Sunday, October 25, 2009

Fall Festivities, Jersey Style

While we had a lovely time in Vermont two weeks ago, there was one important step that we missed: the buying of a pumpkin. Since this is one of Carrie's favorite fall activities, pumpkin purchases must occur in some sort of autumn-ish environment; a grocery store pumpkin is unacceptable.

Therefore, we went on a trek to less-urban New Jersey today in search of a pumpkin patch and other fall goodness. Sadly, I have still not come across anything outside the FDL area that remotely mirrors the awesomeness of The Little Farmer (if anyone from FDL is reading this, please send me a pumpkin cream cheese muffin!), but that has not stopped my quest for the closest imitation I can find. We set out today for two places (DePiero's Country Farm and Demarest Farms) that promised pumpkins, apples, hayrides, and a bakery.

Here are the things I would expect/hope for in such an establishment:
  • Pumpkin patch (check)
  • Apple orchard (check)
  • Hayride (check)
  • Fall baked goods (check)
  • Caramel apples (sort of...see below)
  • Corn maze (sort of)
Things that I am indifferent toward but was not surprised by:
  • Refreshment stand/brat fry
  • Petting zoo
  • Face painting
Things that I would NOT expect to see but encountered today:
  • European import grocery store
  • Salad bar
  • Butcher shop
  • Seafood counter
  • Potato pancakes (right next to the cider donuts!)
  • Children's amusement park (including a dragon roller coaster)
I also was wholly unprepared for the crowds we encountered. New Jersey is just waaay too densely populated for its own good. The bakery at DePiero's had a "take-a-number" system in order to buy cider donuts; the trickiest part was getting through the crowd of people to get to the number dispenser on the counter. And an interesting observation: DePiero's had probably the whitest crowd of people I have ever seen anywhere in New Jersey, both customers and employees. While the area immediately around there is quite affluent and predominantly white, it's still only about a half-hour drive from the city, so the lack of racial/ethnic diversity surprised me a bit.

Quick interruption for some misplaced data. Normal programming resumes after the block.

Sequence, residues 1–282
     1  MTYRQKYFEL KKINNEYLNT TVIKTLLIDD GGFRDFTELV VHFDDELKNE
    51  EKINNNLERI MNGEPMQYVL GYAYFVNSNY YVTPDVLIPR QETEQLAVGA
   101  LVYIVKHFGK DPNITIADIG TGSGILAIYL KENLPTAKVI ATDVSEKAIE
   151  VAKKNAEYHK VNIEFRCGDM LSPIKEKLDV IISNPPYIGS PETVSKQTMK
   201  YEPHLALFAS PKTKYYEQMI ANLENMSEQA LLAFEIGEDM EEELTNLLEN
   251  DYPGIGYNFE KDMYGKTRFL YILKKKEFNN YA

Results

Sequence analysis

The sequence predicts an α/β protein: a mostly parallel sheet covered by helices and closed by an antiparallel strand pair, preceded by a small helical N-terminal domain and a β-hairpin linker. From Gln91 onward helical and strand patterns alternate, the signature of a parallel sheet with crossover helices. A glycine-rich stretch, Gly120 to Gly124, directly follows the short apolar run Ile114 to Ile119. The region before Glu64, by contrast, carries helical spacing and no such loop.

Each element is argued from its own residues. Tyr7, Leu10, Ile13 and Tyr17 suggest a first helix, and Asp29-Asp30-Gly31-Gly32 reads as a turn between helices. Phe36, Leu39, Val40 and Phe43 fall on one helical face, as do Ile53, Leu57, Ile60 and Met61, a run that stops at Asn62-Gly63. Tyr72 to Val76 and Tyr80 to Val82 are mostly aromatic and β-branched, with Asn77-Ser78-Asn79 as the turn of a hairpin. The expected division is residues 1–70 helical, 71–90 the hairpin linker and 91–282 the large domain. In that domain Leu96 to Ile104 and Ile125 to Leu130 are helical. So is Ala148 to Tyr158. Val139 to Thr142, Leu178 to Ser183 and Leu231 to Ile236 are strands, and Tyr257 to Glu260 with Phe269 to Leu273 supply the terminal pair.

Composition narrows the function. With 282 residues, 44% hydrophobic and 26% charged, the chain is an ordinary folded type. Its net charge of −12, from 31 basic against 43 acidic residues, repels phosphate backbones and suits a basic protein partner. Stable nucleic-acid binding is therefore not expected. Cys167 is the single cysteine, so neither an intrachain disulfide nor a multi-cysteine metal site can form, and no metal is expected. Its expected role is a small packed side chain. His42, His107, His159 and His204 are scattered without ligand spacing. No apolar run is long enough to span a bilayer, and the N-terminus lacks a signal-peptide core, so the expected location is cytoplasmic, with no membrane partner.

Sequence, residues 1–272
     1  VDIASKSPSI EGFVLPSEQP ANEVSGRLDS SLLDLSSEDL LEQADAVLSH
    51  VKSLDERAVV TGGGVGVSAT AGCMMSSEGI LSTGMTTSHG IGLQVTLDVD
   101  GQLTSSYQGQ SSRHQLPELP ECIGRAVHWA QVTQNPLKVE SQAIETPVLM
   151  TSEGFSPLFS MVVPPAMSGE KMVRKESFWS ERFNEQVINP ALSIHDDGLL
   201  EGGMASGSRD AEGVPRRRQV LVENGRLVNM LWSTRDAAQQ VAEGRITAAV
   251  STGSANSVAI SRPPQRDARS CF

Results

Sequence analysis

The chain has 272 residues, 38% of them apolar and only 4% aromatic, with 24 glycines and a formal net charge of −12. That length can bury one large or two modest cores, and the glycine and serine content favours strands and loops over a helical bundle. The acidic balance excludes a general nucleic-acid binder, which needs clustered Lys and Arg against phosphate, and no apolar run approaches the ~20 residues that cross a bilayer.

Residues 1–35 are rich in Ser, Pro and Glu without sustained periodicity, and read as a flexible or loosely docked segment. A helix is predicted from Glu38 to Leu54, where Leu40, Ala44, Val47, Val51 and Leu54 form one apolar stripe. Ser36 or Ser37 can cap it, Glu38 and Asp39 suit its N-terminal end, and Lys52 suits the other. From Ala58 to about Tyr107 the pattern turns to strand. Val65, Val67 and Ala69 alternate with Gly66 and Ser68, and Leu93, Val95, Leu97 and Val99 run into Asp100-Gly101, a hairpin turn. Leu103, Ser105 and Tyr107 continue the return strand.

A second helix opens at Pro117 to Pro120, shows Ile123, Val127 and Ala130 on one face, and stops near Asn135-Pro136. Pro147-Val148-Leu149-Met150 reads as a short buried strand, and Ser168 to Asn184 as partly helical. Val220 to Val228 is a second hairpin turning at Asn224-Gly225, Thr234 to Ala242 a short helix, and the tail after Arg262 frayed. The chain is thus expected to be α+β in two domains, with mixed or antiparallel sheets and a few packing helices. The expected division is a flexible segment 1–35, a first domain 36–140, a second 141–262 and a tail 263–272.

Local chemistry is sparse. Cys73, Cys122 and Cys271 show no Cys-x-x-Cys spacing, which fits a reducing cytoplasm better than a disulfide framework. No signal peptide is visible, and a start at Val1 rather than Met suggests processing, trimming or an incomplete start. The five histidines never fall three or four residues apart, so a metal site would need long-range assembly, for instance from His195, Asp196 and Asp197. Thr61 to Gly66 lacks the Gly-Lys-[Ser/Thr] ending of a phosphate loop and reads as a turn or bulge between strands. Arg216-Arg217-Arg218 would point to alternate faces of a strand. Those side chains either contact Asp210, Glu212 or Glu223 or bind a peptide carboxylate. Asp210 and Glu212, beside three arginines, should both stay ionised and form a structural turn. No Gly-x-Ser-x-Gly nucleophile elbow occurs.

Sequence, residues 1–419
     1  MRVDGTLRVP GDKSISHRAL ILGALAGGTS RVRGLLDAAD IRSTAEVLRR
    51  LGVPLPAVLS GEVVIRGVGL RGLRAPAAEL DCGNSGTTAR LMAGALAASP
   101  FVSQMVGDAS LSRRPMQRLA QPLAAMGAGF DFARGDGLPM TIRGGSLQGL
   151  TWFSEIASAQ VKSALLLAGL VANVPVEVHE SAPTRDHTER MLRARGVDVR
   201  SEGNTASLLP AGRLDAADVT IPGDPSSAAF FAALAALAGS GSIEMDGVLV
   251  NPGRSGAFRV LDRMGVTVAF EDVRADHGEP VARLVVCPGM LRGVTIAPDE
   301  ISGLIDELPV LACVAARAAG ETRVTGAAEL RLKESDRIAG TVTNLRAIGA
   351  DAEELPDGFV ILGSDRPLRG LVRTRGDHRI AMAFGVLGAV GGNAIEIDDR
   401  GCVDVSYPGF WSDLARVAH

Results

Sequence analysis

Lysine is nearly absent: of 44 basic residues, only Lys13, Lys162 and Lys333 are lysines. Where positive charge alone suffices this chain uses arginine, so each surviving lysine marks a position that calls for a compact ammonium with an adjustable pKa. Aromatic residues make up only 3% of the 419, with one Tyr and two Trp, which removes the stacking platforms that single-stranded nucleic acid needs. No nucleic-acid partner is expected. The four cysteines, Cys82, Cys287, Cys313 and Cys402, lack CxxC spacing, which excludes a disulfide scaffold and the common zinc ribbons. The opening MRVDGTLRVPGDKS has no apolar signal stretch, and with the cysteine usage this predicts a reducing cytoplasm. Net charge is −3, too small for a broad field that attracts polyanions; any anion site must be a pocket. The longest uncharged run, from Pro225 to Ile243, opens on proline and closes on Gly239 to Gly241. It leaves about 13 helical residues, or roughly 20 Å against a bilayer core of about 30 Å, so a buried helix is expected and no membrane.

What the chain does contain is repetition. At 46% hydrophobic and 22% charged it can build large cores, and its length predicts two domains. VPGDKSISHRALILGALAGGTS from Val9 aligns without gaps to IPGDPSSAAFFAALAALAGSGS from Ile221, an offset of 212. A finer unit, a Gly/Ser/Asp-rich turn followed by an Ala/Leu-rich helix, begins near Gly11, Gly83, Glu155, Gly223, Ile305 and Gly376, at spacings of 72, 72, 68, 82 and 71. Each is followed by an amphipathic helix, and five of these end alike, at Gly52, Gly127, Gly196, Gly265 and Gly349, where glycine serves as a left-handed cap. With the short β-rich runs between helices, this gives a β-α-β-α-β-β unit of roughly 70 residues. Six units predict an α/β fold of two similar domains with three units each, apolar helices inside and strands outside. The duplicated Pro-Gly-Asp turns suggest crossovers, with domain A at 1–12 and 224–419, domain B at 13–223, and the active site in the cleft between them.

Back to food...I have discovered by observation here and in Vermont that caramel apples are not nearly so popular here as in Wisconsin, which I think is very, very sad. One of the places we went today had them, but they were A. in a cooler and B. wrapped in cellophane. Hell no. Caramel apples need to be stabbed in front of you and dipped in a vat of creamy, warm caramel, then rolled in delicious toppings and eaten as soon as possible. At worst they should be eaten when after the caramel reaches room temperature. But definitely not cold, and there definitely should be no cellophane wrapper involved. The northeast seems to be much more interested in candy apples, but I can't for the life of me figure out why someone would prefer a hard sugar coating over creamy caramel.

Sadly, there are no pictures from today's outing because I realized after we were already out and about that the camera was out of batteries. And that's really a shame because I would have liked a picture of us walking over the Garden State Parkway to get to a farmstand to contrast with the pictures of walking over Quechee Gorge in Vermont. Oh well.

Man, I want a caramel apple...


  1. You can make a vat of carmel and dip them yourselves ...


  2. I debated that, but it seems like a lot of mess and leftover caramel for two only apples. Now on the other hand, YOU could make a vat of caramel this weekend... ;)

  3. Hey now... I'm not sure my house can with stand a vat of carmel at this time....

  4. I am waiting anxiously for a blog update! Might I suggest a lengthy post on the recent proposal...? :)